The behavioural case for preparing your own meals

120 women were asked to prepare a low-calorie smoothie themselves and compare it to an identical recipe made at a store. Any guesses on which one they liked more?

Several arguments exist for making your own meals – ranging from the health benefits from control over ingredients to financial and environmental factors. Now, behavioral science has a contribution to make as well. In the study mentioned above, the women reported how the self-prepared smoothies tasted much better. The very act of preparation adds to a meal’s taste.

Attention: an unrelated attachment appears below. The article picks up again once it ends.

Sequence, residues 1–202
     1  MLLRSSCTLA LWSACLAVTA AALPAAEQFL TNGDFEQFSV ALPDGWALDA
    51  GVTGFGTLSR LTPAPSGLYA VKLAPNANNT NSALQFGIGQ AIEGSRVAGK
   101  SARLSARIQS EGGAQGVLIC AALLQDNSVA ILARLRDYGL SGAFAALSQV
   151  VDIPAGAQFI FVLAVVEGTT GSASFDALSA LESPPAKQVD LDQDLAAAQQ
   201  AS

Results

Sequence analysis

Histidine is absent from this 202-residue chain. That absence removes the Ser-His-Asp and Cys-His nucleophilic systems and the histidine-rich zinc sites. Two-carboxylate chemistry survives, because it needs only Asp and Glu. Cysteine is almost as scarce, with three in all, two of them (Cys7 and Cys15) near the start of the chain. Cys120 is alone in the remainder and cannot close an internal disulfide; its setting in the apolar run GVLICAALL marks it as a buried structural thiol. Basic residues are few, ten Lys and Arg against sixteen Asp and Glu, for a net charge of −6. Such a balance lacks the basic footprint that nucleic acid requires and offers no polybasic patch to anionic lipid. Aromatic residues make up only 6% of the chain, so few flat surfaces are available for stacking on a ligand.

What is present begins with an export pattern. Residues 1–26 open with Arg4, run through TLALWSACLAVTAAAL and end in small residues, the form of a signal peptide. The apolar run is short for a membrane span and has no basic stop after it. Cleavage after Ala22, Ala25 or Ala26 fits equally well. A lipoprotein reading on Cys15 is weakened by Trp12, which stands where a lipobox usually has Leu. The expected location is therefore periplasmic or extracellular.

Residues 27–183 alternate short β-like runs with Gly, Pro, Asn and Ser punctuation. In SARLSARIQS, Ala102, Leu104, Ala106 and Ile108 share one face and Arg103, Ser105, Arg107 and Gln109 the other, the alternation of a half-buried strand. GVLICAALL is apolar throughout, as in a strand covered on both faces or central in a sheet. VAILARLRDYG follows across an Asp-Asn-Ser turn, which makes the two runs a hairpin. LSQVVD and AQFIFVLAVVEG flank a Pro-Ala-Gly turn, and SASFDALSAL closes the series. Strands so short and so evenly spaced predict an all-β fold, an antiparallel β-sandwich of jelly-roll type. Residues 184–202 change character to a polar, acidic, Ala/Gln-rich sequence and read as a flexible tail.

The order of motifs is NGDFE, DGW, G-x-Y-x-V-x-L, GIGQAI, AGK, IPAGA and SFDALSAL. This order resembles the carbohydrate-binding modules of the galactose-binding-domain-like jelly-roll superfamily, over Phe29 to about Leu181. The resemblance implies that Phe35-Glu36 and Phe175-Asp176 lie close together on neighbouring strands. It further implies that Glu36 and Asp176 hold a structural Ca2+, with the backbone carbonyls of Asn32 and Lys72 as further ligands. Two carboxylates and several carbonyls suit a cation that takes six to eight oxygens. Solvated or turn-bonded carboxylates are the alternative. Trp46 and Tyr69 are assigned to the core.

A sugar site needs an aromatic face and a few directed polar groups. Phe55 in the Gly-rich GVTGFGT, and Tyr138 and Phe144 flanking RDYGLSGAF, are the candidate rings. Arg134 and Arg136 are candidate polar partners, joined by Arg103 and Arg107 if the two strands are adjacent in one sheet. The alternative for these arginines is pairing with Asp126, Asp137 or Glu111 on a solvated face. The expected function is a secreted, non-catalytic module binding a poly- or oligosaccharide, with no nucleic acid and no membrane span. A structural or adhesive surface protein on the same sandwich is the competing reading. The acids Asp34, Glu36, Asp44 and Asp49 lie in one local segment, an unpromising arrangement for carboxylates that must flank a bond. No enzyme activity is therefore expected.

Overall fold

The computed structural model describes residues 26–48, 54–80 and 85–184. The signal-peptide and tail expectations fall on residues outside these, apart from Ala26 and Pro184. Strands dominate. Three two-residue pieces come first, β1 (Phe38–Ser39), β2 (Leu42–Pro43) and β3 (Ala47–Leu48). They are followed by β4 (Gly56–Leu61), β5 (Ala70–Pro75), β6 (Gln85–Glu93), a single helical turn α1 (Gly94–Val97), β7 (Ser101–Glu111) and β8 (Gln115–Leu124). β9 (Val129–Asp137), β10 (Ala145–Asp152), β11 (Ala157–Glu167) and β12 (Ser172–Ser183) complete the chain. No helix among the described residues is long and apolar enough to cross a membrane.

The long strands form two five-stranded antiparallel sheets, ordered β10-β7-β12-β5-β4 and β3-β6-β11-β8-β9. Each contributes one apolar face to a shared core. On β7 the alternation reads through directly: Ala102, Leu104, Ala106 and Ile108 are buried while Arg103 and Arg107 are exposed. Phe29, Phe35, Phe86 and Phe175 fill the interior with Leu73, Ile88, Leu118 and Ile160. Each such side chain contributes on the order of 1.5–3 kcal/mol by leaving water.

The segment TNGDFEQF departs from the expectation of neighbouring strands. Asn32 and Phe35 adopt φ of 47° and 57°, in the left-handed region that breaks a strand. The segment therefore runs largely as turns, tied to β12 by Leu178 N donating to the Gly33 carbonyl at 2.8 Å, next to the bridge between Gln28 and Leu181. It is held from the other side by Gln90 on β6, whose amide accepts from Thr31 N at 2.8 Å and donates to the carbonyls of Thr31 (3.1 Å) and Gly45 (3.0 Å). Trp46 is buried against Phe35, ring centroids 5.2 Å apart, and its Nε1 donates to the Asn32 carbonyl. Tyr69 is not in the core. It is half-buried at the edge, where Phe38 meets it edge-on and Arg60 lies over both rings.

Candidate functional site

We also know how food prepared outside home (including food at fancy restaurants) is full of sugar, salt and empty calories. Meals at these joints lacks that extra bit of taste that self-preparation adds to our own meals. Therefore, these establishments are forced to compensate with more salt, sugar and other substances that aren’t in our best long term interests.

The labour of love that we pour into our meals isn’t merely a chore. It is also the secret ingredient that makes our meals taste better while keeping them healthy.

 

 

One thought on “The behavioural case for preparing your own meals

  1. Yeah, it is true. In our childhood when my grand mother used to mix rice with curd and serve us on our palm in the form of balls it used to taste like nectar(amurtham). We will demand for more.

    Liked by 1 person

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